Tools of The Trade: Information Management/Note-Taking/Notebook/Research/Document Organization Software That Will Knock Your Sox Off
Do you have some software programs that have you so enthused that you want to evangelize for them? There’s an app for the Mac that I use extensively for developing almost any kind of project you can imagine: books/ebooks, journals, e-zines, research projects, web pages, product design, video development, information organization, art projects of all kinds…more, more, more. Well, I don’t have enough space in a simple review to go on with all you can do with it. (PC users: don’t dispair if you develop Mac envy by the end of my ravings. There is a similar program for the PC. But just remember, similar is not the same. And there’s nothing quite the same as working on a Mac.)
I’m talking about Circus Ponies Notebook 3.0
The first thing that turned me on to it was the user interface. It resembles a physical spiral bound notebook with colored tab dividers. You can design the front cover of the book and choose the page background, such as plain, yellow legal pad, white ruled, graph paper, steno pad, etc. You can also customize the “paper” you write on, even to the point of inserting a background image.
I liked how comfortable and familiar the interface was. It’s very like the way I worked with projects before computers became sophisticated enough to organize and store the info in those projects sufficiently. I would have a spiral notebook with my handwritten notes, stuffed with miscellaneous clipped pages from magazines, photocopied pages from books and journals, miscellaneous small objects cello-taped into the pages or covers, even cassette tapes affixed to the front and back covers, just to keep everything together. I became really familiar with large rubber bands to bind the notebooks and keep loose pages from falling out.
Circus Ponies’ Notebook is like my old notebooks, on steroids and without the rubber bands.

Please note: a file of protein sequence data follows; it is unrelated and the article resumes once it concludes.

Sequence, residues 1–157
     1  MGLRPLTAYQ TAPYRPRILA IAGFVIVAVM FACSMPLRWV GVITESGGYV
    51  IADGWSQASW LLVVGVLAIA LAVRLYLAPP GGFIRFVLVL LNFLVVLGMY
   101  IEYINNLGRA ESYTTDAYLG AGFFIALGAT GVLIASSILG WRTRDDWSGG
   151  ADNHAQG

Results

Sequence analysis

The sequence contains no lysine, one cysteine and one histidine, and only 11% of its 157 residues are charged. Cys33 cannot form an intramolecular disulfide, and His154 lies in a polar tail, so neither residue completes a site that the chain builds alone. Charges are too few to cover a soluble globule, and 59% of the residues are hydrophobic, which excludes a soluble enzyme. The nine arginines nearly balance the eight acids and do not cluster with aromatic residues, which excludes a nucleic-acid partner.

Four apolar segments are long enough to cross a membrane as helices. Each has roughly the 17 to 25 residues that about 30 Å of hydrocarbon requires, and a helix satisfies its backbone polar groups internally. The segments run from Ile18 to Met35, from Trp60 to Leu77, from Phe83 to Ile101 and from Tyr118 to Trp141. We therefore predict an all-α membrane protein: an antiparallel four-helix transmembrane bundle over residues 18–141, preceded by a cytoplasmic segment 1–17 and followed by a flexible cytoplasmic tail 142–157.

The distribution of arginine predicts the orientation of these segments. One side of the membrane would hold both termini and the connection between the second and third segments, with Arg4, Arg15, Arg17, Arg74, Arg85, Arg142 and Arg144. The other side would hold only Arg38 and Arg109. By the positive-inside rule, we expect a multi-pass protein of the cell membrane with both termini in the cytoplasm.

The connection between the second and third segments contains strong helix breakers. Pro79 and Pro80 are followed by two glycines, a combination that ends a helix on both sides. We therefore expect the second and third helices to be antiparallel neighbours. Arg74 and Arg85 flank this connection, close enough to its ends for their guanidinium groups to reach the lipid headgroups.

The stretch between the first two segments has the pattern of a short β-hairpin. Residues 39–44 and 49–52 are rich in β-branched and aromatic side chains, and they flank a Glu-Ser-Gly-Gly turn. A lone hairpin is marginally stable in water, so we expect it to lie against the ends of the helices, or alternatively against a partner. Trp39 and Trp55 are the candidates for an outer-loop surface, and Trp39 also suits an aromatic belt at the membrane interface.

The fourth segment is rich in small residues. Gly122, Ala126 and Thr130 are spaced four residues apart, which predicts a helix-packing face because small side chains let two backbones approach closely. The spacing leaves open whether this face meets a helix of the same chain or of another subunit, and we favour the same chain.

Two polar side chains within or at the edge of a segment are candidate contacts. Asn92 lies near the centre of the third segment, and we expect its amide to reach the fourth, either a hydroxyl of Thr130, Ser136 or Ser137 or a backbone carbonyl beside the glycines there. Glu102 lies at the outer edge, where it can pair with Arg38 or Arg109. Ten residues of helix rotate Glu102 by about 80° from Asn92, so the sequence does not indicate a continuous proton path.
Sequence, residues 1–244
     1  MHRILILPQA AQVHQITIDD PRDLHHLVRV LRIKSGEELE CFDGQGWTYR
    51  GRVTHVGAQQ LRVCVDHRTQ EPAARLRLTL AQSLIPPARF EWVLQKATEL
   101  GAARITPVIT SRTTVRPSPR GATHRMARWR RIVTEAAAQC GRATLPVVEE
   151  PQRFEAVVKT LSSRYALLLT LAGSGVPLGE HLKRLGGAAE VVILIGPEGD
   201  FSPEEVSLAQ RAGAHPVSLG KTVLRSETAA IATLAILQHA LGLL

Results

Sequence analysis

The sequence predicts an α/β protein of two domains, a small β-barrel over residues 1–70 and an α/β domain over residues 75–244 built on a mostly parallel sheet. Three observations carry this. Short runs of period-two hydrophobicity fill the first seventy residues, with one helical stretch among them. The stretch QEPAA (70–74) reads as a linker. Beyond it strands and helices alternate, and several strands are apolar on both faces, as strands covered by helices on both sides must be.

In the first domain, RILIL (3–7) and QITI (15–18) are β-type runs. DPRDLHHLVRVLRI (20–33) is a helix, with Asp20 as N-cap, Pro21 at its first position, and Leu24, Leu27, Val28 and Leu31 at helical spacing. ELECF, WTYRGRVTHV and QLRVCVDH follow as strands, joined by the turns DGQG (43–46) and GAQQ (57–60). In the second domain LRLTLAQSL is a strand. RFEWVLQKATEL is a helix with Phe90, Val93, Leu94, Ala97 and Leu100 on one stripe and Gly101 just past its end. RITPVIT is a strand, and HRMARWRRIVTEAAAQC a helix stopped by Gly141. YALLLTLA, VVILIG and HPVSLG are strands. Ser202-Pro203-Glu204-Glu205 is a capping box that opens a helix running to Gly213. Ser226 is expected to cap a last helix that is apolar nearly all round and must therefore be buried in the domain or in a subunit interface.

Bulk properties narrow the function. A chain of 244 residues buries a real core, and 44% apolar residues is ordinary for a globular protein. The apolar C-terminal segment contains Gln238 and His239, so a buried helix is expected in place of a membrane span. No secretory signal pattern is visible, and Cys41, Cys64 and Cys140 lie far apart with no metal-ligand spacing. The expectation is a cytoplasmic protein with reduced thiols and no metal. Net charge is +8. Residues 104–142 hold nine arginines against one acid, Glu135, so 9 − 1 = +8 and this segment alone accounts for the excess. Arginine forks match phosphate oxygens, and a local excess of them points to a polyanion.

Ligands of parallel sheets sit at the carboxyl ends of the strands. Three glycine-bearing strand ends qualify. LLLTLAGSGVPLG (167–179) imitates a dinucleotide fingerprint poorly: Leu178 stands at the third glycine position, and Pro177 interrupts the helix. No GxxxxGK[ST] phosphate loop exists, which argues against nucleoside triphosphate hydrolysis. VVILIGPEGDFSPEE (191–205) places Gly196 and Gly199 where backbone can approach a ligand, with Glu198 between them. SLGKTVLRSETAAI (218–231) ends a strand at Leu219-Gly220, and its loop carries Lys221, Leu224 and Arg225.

I can write in it, outline, take notes (there’s a Cornell note-taking template, if I wish to use it), brainstorm, mind-map, doodle, chart, journal, make to-do lists. I can share my projects, in full with others.
I can clip webpages and text into it. I can clip audio and video into it.
I can publish it as a pdf or web page.’
(Of course, I can’t store physical objects in it, but I can take pics of the objects and store the images.)
It will index it all and let me find it in a flash. It is an entire information management system. It is one of those ultimate productivity tools.
What makes it even better is that there is a great deal of choice in end-user configuration of the product. You can make it look the way you want and work the ways you want. It makes it a pleasure to work on even the projects you don’t like. You could even keep your tax records and receipts in a notebook — and be able to find everything.
And if you think this is a long review, it isn’t. I’ve just touched the surface of what the program can do and do for you.
I’m going to give you a link to Amazon.com to go learn more about it. Be sure to read the other rave reviews on it. People love it.
One more wonderful thing: it is available for the iPad!
Go get it or get more info at Amazon.com:
Circus Ponies Notebook
Or get the iPad version at the AppStore (just click the button):
I did promise my PC-using readers that there was a similar program for them. I haven’t used it myself, but I have researched it carefully. It’s called Microsoft OneNote 2010
The functionality is similar, but the user interface is not the same. (And, who would expect it to be.) If you’re not as happy with it as you think you’d be with Notebook, you could always buy a Mac. (Keep remembering: Macs can run all your PC programs, so you don’t have to give up stuff you’ve grown fond of, if you switch. It can run them under an emulation program or it can actually boot up as a PC.)
Explore it for yourself and see if it fits. Those who use it rave about it as much as the users for Circus Ponies’ Notebook.